Drivers fidget with electronics and take both hands off the wheel more often as they develop trust in assistance systems, new research from the Insurance Institute for Highway Safety (IIHS) and the Massachusetts Institute of Technology’s AgeLab shows.
To investigate how experience with partial automation affects driver disengagement, the researchers studied the driving behaviour of 20 volunteers over a month’s time as they gained familiarity with advanced driver assistance features, examining how often they removed both hands from the steering wheel or took their attention away from the road to do things like use their mobile phone or adjust the controls on the vehicle’s console.
One group of ten drove a Land Rover Range Rover Evoque equipped with adaptive cruise control (ACC), which automatically keeps the vehicle traveling at a speed chosen by the driver while maintaining a pre-established following distance. Another 10 drove a Volvo S90 with both ACC and Pilot Assist, a partially automated system that combines ACC with lane-centring technology that keeps the vehicle positioned laterally in the travel lane – but requires the driver to keep their hands on the steering wheel.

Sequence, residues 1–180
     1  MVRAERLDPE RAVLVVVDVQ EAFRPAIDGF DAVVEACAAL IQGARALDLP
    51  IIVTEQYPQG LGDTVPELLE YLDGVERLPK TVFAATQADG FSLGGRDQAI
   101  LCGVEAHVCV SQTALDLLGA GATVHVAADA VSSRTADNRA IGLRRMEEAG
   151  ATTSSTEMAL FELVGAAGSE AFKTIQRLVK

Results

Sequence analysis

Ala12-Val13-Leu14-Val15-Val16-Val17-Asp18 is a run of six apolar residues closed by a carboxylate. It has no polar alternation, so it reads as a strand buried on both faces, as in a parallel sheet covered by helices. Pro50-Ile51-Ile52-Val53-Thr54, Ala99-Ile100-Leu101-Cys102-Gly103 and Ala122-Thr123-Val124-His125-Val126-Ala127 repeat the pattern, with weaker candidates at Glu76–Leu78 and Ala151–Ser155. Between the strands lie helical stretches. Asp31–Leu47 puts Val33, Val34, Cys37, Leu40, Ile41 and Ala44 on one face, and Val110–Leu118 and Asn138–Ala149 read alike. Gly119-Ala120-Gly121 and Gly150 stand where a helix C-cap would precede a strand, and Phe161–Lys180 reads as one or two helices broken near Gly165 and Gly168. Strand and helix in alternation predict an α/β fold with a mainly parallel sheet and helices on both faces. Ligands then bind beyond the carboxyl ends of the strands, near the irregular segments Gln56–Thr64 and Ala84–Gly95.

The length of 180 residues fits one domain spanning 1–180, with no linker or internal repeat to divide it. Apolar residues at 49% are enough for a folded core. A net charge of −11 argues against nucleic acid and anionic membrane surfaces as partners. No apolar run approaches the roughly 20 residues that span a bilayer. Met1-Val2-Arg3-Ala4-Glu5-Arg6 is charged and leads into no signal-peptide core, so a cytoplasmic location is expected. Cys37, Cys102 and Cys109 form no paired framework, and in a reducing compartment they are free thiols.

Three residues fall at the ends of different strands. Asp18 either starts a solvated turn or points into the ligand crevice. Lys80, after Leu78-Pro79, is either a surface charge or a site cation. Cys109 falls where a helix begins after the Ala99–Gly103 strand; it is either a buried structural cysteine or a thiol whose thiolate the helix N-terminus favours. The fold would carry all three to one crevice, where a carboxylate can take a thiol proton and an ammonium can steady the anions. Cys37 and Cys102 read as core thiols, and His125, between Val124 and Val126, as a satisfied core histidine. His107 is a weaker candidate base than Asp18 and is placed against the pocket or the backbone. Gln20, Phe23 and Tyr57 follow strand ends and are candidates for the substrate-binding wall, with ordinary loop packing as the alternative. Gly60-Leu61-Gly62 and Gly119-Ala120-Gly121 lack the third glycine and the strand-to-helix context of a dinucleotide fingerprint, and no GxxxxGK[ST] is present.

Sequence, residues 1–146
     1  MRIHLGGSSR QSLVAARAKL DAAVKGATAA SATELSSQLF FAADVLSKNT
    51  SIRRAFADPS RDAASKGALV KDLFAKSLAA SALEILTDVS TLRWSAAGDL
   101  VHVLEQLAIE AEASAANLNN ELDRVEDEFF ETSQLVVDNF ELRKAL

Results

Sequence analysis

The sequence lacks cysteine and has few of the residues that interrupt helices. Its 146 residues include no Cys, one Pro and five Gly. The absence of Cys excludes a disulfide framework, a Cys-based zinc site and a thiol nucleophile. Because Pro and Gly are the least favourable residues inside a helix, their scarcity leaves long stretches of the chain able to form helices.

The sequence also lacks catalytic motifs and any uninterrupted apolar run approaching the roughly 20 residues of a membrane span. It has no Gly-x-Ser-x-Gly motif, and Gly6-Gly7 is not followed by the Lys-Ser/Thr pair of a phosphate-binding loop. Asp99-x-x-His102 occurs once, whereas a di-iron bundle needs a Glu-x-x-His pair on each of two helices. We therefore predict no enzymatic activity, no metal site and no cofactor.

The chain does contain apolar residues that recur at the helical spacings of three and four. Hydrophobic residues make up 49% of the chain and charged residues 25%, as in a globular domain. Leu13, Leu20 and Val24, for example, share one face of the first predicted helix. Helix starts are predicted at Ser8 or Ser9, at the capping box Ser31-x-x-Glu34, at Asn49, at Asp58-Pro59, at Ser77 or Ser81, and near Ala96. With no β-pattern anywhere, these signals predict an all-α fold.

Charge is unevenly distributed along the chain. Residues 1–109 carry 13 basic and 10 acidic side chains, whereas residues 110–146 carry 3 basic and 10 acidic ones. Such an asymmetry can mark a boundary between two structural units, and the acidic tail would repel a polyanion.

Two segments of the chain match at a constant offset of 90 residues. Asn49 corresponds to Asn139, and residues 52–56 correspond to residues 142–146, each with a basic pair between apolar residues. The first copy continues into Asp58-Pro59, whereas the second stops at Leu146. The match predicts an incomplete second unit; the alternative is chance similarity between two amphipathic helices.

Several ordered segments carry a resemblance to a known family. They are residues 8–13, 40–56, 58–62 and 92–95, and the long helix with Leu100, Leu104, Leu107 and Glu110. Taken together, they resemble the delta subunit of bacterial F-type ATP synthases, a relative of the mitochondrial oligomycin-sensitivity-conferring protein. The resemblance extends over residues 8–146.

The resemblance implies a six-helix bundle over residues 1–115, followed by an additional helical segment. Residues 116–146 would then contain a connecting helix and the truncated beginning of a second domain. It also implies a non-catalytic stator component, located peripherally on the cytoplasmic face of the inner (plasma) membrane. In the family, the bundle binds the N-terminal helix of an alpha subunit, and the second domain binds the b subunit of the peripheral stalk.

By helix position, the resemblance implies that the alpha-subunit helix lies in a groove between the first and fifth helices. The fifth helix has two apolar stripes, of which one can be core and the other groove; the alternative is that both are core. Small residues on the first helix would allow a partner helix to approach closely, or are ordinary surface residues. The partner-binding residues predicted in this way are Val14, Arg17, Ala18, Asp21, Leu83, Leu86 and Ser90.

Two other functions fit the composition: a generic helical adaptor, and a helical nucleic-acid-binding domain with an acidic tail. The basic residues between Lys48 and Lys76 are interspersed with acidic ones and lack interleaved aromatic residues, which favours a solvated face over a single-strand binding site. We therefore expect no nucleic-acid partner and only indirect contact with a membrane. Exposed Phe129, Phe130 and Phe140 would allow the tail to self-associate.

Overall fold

Under the classification system developed by SAE International, the levels of automation range from 0 (no automation) to 5 (fully self-driving). Level 1 systems can assist the driver with one driving task; ACC fits into this category. Level 2 systems, such as Pilot Assist, can assist with two tasks. Level 2 is the highest level of automation available in production vehicles today in Europe.
When the drivers first received the vehicles, there was little or no difference in how frequently they showed signs of disengagement, whether they were driving manually, using ACC or using Pilot Assist. After a month, however, they were substantially more likely to let their focus slip or take their hands off the wheel when using automation, and the impact of Volvo’s Level 2 system was more dramatic than that of ACC alone, according to the study authors.
Earlier this year, IIHS issued a series of recommendations for improving how such systems monitor whether the driver is paying attention and how the systems react when that focus falters.
Based on the results of the research by IIHS, as well as the findings of the Dutch Safety Board investigation, ETSC reiterates its call on regulators to review the current human factors-related requirements for hands-on lane keeping assistance systems such as Pilot Assist, with a view to addressing driver overreliance and mode confusion.